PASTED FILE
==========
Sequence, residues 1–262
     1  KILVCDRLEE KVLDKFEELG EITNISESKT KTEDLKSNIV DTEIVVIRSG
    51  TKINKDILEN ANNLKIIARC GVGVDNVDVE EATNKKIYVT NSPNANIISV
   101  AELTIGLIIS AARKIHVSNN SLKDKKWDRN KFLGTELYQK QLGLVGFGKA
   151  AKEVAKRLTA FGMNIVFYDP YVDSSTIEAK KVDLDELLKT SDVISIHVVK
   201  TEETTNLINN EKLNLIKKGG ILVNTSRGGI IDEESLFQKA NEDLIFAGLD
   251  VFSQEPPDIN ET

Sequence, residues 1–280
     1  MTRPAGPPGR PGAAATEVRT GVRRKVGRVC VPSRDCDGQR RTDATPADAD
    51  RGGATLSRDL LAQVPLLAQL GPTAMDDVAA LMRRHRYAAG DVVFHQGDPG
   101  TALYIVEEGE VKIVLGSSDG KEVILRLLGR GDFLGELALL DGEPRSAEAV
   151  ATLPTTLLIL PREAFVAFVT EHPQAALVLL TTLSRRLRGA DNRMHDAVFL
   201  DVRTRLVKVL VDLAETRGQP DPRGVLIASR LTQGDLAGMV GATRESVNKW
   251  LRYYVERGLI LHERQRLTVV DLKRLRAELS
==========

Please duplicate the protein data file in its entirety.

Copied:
Sequence, residues 1–262
     1  KILVCDRLEE KVLDKFEELG EITNISESKT KTEDLKSNIV DTEIVVIRSG
    51  TKINKDILEN ANNLKIIARC GVGVDNVDVE EATNKKIYVT NSPNANIISV
   101  AELTIGLIIS AARKIHVSNN SLKDKKWDRN KFLGTELYQK QLGLVGFGKA
   151  AKEVAKRLTA FGMNIVFYDP YVDSSTIEAK KVDLDELLKT SDVISIHVVK
   201  TEETTNLINN EKLNLIKKGG ILVNTSRGGI IDEESLFQKA NEDLIFAGLD
   251  VFSQEPPDIN ET

Sequence, residues 1–280
     1  MTRPAGPPGR PGAAATEVRT GVRRKVGRVC VPSRDCDGQR RTDATPADAD
    51  RGGATLSRDL LAQVPLLAQL GPTAMDDVAA LMRRHRYAAG DVVFHQGDPG
   101  TALYIVEEGE VKIVLGSSDG KEVILRLLGR GDFLGELALL DGEPRSAEAV
   151  ATLPTTLLIL PREAFVAFVT EHPQAALVLL TTLSRRLRGA DNRMHDAVFL
   201  DVRTRLVKVL VDLAETRGQP DPRGVLIASR LTQGDLAGMV GATRESVNKW
   251  LRYYVERGLI LHERQRLTVV DLKRLRAELS